“Our customers use to swear on a stack of Bibles that they never had contamination in their truck and that they weren’t going to pay for it,” Magee says. “Now having a record of what’s in a container or load, you can show them the tape and that's the end of the story.”
Leck says that his company transfers all collection data, including documentation on locked or overfilled containers, to the back office CRM. This allows for quicker and more detailed invoicing, and ultimately, faster payments from customers.
Maintenance and tracking insights
Waste companies are required to make substantial investments in purchasing and maintaining fleet vehicles. According to Leck, new telematics solutions have allowed the company to take the guesswork out of preventative maintenance to help save money and increase uptime.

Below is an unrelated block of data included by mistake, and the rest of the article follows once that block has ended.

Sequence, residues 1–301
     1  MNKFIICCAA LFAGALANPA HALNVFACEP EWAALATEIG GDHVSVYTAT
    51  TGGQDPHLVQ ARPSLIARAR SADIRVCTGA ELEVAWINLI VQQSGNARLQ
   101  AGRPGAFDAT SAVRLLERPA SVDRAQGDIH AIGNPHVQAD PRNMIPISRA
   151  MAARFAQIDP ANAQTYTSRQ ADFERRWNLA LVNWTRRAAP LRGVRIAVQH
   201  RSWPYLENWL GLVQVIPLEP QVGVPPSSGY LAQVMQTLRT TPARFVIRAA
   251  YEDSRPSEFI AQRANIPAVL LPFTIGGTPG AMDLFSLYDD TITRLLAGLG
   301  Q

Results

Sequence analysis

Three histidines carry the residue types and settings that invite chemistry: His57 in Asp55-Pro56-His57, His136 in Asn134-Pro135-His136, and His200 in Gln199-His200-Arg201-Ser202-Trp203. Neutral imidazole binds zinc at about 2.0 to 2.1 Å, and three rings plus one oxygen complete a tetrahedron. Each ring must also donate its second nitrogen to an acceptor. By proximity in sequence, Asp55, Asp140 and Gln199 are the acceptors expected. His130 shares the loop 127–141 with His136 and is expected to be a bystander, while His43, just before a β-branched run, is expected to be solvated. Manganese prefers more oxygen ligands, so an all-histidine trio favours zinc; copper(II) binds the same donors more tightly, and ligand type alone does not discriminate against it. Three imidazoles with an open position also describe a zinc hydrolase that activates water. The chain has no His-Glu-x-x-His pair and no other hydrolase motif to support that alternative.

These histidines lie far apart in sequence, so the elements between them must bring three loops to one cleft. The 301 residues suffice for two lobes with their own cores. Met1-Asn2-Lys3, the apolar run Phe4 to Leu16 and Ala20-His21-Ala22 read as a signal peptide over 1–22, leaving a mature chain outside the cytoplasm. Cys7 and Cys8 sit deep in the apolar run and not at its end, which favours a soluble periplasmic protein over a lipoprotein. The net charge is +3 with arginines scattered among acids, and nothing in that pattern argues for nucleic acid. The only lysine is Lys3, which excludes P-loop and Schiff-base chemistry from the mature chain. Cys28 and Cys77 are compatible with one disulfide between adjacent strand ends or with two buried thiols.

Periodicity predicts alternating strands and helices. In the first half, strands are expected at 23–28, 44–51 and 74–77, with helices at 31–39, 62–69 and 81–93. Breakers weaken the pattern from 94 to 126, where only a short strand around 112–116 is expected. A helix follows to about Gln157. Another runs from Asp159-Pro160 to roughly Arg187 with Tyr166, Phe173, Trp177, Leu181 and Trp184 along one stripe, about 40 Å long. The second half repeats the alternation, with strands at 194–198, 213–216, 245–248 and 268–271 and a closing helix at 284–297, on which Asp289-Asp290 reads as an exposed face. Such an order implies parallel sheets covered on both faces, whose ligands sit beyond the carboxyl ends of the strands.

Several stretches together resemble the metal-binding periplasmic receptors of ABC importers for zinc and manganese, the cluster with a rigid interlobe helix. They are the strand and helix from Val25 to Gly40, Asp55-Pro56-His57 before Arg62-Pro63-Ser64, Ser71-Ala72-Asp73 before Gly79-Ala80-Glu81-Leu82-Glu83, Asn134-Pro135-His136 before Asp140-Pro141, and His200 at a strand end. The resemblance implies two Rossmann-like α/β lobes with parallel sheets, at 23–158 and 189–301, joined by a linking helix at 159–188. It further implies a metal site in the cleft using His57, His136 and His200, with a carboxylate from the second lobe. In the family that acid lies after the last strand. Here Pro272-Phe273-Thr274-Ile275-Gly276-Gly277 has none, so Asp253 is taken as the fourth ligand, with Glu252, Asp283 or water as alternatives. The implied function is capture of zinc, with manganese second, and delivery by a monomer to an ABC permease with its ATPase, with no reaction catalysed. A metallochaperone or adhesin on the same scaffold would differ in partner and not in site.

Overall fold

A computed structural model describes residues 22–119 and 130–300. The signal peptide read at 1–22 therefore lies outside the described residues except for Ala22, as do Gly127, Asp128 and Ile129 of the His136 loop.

“We just realized that we couldn’t manage what we couldn't measure,” he says. “You can service a vehicle based on hours or miles driven, and that's great, but we wanted to get down to servicing our vehicles based on the packing cycle because there were some front load vehicles, for instance, that had shorter hours and fewer miles run, but may have seen upwards of 1,000 packing cycles in a day. … “Now, we're studying what the cylinder cycles have been over the course of three to four years so we can better predict when a cylinder or a pump is going to need to be repaired.”